The attack comes days after an American contractor was killed near Kirkuk, Iraq, and four U.S. military members were injured. Following the attack that killed the American contractor, a strike by U.S. forces killed 25 Kataeb Hezbollah militia – believed to be responsible for the attack on the contractor and U.S. troops.
The U.S. Embassy in Baghdad was attacked by the militia on Tuesday.
Here’s what we know so far about the attack that killed Soleimani:
Soleimani was in Baghdad after a wave of anti-Iran demonstrations in Iraq, The New York Times reported. Soleimani and had flown in "to urge local militia forces to more forcibly curb the protests."
The strike killed five people, included militia chief Abu Mahdi al-Muhandis, and public relations chief for the Popular Mobilization Forces in Iraq, Mohammed Ridha Jabri.
"General Soleimani was actively developing plans to attack American diplomats and service members in Iraq and throughout the region," the Pentagon said in a statement. "General Soleimani and his Quds Force were responsible for the deaths of hundreds of American and coalition service members and the wounding of thousands more."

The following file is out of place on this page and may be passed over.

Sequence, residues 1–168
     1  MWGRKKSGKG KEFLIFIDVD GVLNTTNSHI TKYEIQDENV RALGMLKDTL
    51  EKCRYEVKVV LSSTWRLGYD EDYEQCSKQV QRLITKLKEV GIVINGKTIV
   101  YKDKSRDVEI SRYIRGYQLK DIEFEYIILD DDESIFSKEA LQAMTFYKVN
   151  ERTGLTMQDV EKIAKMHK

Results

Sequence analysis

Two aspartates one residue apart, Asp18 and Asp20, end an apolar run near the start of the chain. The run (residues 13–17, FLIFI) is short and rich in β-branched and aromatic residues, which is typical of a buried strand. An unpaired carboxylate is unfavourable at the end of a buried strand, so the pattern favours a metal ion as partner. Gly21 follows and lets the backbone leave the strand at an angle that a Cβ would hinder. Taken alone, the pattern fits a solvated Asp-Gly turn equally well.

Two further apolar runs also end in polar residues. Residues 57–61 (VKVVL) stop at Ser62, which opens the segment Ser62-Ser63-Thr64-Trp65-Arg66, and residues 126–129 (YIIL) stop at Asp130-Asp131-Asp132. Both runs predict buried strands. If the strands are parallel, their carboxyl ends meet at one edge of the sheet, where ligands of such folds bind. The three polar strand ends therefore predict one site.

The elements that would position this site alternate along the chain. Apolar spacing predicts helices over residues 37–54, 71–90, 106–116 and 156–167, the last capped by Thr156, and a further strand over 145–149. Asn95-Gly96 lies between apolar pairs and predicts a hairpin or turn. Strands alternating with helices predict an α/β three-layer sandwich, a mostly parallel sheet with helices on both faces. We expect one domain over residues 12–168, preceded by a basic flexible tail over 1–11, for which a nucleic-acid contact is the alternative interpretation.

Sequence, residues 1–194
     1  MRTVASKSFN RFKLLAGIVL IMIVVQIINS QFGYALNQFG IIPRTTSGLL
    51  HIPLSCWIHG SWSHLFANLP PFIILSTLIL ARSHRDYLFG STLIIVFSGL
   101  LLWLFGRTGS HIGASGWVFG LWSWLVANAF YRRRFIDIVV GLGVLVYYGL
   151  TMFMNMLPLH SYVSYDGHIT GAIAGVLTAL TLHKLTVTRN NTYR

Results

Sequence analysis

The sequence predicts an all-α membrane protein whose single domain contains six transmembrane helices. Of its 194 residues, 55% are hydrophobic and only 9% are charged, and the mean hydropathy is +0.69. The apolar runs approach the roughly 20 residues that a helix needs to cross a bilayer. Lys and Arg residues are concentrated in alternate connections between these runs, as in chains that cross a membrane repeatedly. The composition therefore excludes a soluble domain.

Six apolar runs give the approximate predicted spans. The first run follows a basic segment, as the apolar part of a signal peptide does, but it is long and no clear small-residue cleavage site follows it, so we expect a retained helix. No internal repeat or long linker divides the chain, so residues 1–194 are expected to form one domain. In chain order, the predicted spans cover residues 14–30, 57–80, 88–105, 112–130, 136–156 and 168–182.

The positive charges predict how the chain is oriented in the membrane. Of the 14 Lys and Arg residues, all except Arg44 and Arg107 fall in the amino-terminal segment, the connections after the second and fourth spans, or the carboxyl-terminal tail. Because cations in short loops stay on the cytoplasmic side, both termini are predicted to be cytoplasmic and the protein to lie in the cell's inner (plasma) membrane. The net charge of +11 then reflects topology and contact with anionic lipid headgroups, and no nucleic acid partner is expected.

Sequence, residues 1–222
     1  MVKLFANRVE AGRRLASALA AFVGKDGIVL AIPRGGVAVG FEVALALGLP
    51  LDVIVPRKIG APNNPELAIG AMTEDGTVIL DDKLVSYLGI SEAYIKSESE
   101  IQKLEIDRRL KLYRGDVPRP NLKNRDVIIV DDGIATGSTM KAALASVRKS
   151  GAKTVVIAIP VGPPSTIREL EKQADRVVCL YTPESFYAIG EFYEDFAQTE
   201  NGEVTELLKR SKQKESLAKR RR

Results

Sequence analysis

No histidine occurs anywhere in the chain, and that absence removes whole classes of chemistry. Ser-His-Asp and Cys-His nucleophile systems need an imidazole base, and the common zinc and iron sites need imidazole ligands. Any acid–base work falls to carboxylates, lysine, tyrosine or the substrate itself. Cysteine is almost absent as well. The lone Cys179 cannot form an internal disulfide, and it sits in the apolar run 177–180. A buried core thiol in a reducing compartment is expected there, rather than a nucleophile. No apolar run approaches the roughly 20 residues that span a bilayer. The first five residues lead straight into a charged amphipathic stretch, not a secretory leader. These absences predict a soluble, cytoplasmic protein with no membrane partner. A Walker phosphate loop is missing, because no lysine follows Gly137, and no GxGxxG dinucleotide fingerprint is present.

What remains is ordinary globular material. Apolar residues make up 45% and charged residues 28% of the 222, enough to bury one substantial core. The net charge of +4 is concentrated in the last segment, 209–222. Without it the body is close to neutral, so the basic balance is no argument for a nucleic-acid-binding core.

On Thursday, hours before the attack, Defense Secretary Mark Esper warned the United States military would preemptively strike Iranian-backed forces in Iraq and Syria if it was discovered that paramilitary groups were planning more attacks against Americans.
After the attack, President Donald Trump posted a tweet of the American flag.
Iran has vowed to retaliate against the United States for Soleimani's death. The U.S. embassy in Iraq has called on all U.S. citizens to leave the country immediately.
Ali Khamenei, Iran's supreme leader, said in a statement published by Iranian state media that the "cruelest people on earth" assassinated the "honorable" commander who "courageously fought for years against the evils and bandits of the world."
Brig. Gen. Amir Hatami, Iran's defense minister, said Soleimani's death would be met with a "crushing" response.